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Thursday, January 9, 2020
In a meeting on Tuesday, the woman across from us noted all the distressing news in the world from strife with Iran, Australia on fire, India's citizenship law, Taron Egerton beating out Eddie Murphy and Leonardo DiCaprio for best actor in a musical or comedy at the Golden Globes* and asked me to give her some optimism. We thought about it a moment and though the world has definitely improved in many ways since 2010, we couldn't offer too much other than CO2 emissions were down in the U.S. by 2.2% last year. The last few years have admittedly been troubling. The world feels a bit like a friend or celebrity who appeared to have everything--a good family, growing wealth, lots of friends--who suddenly commits suicide. Sure they had challenges and no life is perfect, but it's difficult to understand their choice. Perhaps we need to set up a suicide hotline for world leaders where they can be talked down from the precipice. While we register our 888 number we answer the question of whether globalization caused inequality, worry about Germany's nuclear decision and raise concern about a mysterious virus in China. It's this week's International Need to Know, the Lambeau Field of international information and data.
Did Globalization Cause Inequality, Spiting Our Nuclear Noses with Coal, and Don't Forget to Worry About This
*What? You weren't outraged?
Without further ado, here's what you need to know.
Did Globalization Cause Inequality
We have been asked to speak at a conference next week on the topic of globalization, international trade and inequality. In ten minutes. That seems as almost impossible a task as explaining it in 200 words here. We would need at least 11 minutes or 300 words to do it adequately. Inequality has gone up in the United States and many other places around the world. But did trade and globalization cause this? Trade has been slowing down over the last three or four years and yet inequality continues to rise in the U.S. China caused localized job losses in the U.S. ten years ago but overall there was a net job gain and the “China Shock” ended over a decade ago and yet inequality continued to rise. Plus, manufacturing jobs have decreased all over the world at roughly the same rate (see first chart below) but inequality did not rise in all these countries that saw manufacturing job losses (see second chart). In fact, inequality is higher in China, the alleged culprit of U.S. inequality problems, than it is in the U.S. Likely a variety of domestic policies affect inequality more than international factors. Globalization may have played some part in a rise of inequality in certain parts of the world, but it was likely minor. As with all complicated effects, there are likely many overlapping causes.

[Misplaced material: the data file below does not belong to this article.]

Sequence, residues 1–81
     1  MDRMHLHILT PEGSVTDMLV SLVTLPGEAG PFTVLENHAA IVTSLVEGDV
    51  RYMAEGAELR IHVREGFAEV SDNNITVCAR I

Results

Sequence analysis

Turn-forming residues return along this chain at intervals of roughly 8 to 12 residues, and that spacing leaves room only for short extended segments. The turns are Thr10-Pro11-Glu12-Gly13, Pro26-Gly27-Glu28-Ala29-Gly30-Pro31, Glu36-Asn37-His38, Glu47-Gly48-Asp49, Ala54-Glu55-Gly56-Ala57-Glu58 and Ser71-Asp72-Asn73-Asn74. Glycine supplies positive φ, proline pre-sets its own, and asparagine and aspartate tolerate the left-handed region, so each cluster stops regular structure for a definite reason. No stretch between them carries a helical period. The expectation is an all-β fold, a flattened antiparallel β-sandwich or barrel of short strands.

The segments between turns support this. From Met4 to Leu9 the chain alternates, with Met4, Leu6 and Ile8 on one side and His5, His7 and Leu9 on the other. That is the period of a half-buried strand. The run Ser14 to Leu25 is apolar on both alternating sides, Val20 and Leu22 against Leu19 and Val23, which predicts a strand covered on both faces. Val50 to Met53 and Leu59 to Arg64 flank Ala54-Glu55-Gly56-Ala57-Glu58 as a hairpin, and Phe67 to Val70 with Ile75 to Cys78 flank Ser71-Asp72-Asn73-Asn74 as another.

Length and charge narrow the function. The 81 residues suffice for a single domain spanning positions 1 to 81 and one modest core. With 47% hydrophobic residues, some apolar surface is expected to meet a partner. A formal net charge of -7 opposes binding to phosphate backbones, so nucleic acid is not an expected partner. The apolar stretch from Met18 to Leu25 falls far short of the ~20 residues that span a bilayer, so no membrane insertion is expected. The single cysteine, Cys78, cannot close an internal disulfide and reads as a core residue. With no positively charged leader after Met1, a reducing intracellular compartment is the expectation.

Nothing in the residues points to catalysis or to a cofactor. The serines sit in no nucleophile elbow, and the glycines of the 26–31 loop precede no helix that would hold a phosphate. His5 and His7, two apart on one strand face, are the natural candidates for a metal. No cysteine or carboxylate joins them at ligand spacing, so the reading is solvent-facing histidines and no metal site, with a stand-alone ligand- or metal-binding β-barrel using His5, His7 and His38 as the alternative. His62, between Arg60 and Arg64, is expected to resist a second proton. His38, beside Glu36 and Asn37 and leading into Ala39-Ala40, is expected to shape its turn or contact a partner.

Spiting Our Nuclear Noses with Coal
This story is inspired by one of our loyal readers who has expressed skepticism over some of our clean energy posts. This reader has noted the importance of nuclear energy in their skepticism of wind and solar. We have previously noted our conflicted feelings about nuclear energy—we like it does not emit climate change gases but worry about the radioactive waste. However, Germany is learning about the challenging trade-offs of ditching nuclear energy, which they did after the Fukishima accident. A new paper asserts that “the phase-out of nuclear power comes with an annual cost to Germany of roughly $12 billion per year” and that “Over 70% of this cost is due to the 1,100 excess deaths per year resulting from the local air pollution emitted by the coal-fired power plants operating in place of the shutdown nuclear plants.” There are risks to nuclear power but there are also bad consequences for ditching this energy source for coal. Being reflexively anti-nuclear may feel good but is not necessarily good.
Don't Forget To Worry About This!
We’re concerned that people do not have enough to worry about in 2020—the year has started out too calmly. So as you repose calm, cool and collected without a worry in the world, we provide this public service to remind you of the mysterious flu in Wuhan, China. As we write, nearly 60 people have been infected with a mysterious viral pneumonia. It is not SARS say researchers who have also eliminated as a cause bird flu, regular flu and a variety of other viruses. That’s the good news. The bad news is researchers don’t know what it is, which in some ways seems worse than if it were SARS or some virus for which we at least have some knowledge. The disease has spread to Hong Kong which is a short high-speed train ride away from Wuhan. Hong Kong, of course, was devastated by SARS and already some Hong Kongers can be seen wearing masks—this time to guard against viruses rather than tear gas. China, after an initial hesitant response, has been relatively open about this new disease. This is important since millions of Chinese are about to start traveling for the annual new year’s holiday, and thus easily transporting and transmitting the disease. Okay, you can now go back to resting and relaxing or worrying about the Middle East if that’s your jam.